SIGUCCS Mentoring: As a way to expand our professional development opportunities for our membership, SIGUCCS has established a mentoring program. This program allows members of the SIGUCCS community to both be mentored and to mentor their colleagues.
In our initial call for participation, we had 23 people complete the application for the program, with 12 interested in being mentored, 14 interested in serving as mentors, and 3 people interested in both roles. A mentoring advisory team matched mentors with mentees based on applications to the program. These applications collected information about current roles, desired roles and goals for the mentoring relationship. The plan is to have this mentoring relationship lasting for a year, culminating at the annual conference. Throughout the program, peer support is offered to both the mentors and mentees through regular online hangouts.
The economic downturn and its effect on college and university finances continues to be the most important issue that we face. Since, like most SIGs, SIGUCCS depends on its conferences for most of its income, attendance problems at the conferences translate into financial problems for the SIG. While our attendance numbers for the past two years have evened out, they remain significantly lower than attendance prior to 2009. For this reason, the Executive committee is constantly exploring ways that we can both cut expenses while increasing conference attendance and SIG membership. After a devastating shortfall of $42,000 for our 2009 conference, we have constantly made improvements and continue to work closely with conference committees to achieve a balanced conference budget.
We are continuing to evaluate and amend the model of offering our two conferences consecutively. This change was made both for programmatic as well as budgetary considerations. Approaching our third year of this model, we are finally reaching a point where we have the necessary information to assess the effectiveness of this model. While conference evaluations support that the combined conference allows access to participants who were previously forced to choose between the two conferences, anecdotally we hear that being out of the office for a week-long conference is difficult. This may prompt us to integrate the conference more tightly, shortening the actual time frame. In the budget realm, the combining of the conferences has allowed the SIG to better capitalize on the hotel contract. We are able to have only one food & beverage minimum and hotel block for both conferences. We are also able to decrease volunteer travel costs for pre-conference site visits by having one Conference Chair and one Treasurer for both conferences.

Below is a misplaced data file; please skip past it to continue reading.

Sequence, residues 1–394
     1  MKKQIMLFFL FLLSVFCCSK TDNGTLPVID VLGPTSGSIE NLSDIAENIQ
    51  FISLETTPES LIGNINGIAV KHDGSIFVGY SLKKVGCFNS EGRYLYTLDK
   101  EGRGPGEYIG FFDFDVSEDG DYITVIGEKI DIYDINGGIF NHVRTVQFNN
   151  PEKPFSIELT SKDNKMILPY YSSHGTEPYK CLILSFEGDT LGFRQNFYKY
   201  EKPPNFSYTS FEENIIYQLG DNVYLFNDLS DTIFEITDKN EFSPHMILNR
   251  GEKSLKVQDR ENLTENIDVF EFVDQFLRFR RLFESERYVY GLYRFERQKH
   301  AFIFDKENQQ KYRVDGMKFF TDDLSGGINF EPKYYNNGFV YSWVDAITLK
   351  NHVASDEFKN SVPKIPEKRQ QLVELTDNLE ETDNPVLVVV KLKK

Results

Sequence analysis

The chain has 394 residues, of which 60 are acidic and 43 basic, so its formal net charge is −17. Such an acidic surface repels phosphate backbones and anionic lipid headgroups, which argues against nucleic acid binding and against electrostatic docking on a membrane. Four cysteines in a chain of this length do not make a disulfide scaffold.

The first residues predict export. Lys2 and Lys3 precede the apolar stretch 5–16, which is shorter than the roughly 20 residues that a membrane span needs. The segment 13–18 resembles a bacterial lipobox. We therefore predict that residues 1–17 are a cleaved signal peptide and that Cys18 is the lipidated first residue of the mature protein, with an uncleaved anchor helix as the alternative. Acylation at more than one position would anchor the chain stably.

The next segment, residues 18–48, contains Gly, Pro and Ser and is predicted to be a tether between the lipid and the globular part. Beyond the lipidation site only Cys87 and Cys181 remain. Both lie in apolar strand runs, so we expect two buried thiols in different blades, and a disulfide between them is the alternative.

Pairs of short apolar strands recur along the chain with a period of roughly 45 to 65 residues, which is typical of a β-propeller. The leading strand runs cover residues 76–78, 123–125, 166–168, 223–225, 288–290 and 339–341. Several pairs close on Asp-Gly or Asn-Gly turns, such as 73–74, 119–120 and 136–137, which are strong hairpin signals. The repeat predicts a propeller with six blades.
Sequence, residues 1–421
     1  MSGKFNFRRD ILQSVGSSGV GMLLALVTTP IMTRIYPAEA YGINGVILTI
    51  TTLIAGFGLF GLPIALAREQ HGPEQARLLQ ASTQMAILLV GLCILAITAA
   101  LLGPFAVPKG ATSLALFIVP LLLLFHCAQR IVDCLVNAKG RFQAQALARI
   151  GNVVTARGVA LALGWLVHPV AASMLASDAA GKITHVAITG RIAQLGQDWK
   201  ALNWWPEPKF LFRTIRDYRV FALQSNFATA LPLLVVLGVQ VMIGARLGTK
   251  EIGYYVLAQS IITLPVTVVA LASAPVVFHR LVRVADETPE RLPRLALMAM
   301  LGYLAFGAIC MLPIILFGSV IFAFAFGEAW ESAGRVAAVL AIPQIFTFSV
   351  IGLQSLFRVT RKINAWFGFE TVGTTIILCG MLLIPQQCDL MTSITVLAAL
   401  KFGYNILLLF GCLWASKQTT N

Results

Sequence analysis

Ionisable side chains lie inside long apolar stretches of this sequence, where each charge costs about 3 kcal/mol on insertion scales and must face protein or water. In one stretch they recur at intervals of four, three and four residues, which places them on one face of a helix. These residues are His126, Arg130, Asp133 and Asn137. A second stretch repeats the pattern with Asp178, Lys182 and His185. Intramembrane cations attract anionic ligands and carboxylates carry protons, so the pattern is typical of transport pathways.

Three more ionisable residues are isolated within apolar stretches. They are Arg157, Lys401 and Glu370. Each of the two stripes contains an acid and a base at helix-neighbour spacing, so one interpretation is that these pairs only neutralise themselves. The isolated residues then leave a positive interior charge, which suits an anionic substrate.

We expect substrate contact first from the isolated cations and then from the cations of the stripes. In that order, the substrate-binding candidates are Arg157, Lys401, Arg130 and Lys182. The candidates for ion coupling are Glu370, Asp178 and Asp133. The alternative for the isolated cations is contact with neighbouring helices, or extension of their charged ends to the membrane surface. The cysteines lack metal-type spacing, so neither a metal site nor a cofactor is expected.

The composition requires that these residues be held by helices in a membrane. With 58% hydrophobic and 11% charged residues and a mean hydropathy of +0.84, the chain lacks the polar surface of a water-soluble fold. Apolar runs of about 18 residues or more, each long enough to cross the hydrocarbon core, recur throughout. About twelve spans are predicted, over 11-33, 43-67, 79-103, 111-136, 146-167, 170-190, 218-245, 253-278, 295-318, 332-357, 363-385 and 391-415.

Reduced conference registration also depresses membership in the SIG because the registration discount for members encourages many to join SIGUCCS or to renew their memberships. While there are other reasons to join the SIG, the financial savings loom large. The continuation of webinars and the offering of a member newsletter as well as the other non-conference member benefits mentioned above will, we hope, provide additional motivation for individuals to maintain their SIG memberships.
SIGWEB FY Annual Report
July 2012-June 2013
Submitted by: Simon Harper, Chair
The last year has been an exciting one for SIGWEB. From the sponsorship of six Web Conferences, to that of Cooperating Conferences; from the increase in student travel sponsorship (to $30,000pa), to our increasing volunteer effort; the SIG has been at work at all levels of our domain. We have forged links with multiple (≈20) conferences and workshops across our field, focusing on new contribution awards and broadening participation of the SIG, while still maintaining our low membership dues. In short, it has been an active and productive year. We have increased membership numbers (to 561). But, we have an increasing fund balance (to $703,000), and are still increasing the amount we have to spend on each member, from $618 last year to $800 this year; with member benefits of: Reduced rates at SIGWEB sponsored, co-sponsored, and co-operating events; Free access to ACM DL content of events sponsored by SIGWEB; Reduced subscription rates to New Review of Hypermedia and Multimedia; Free subscription to the SIGWEB members email list, with calls, advance and final event programs; and news of interest to the community posted regularly; we still have an excellent membership offering. In short SIGWEB has successfully expanded its range of conference sponsorships, is working hard on membership and volunteer development and benefits, and is financially healthy with a solid leadership.
SIGWEB represents a unique interdisciplinary research community centred on the technical and human issues that arise from systems of linked information. This idea of explicitly linking pieces of information gave birth to a rich well of research trying to augment the human intellect, a vision articulated by the legendary computing pioneer Douglas Engelbart nearly half a century ago. Engelbart, Ted Nelson, and other early researchers realised this vision through hypermedia systems, which are still of interest to the SIGWEB community today, including the World Wide Web, the largest hypermedia system ever built.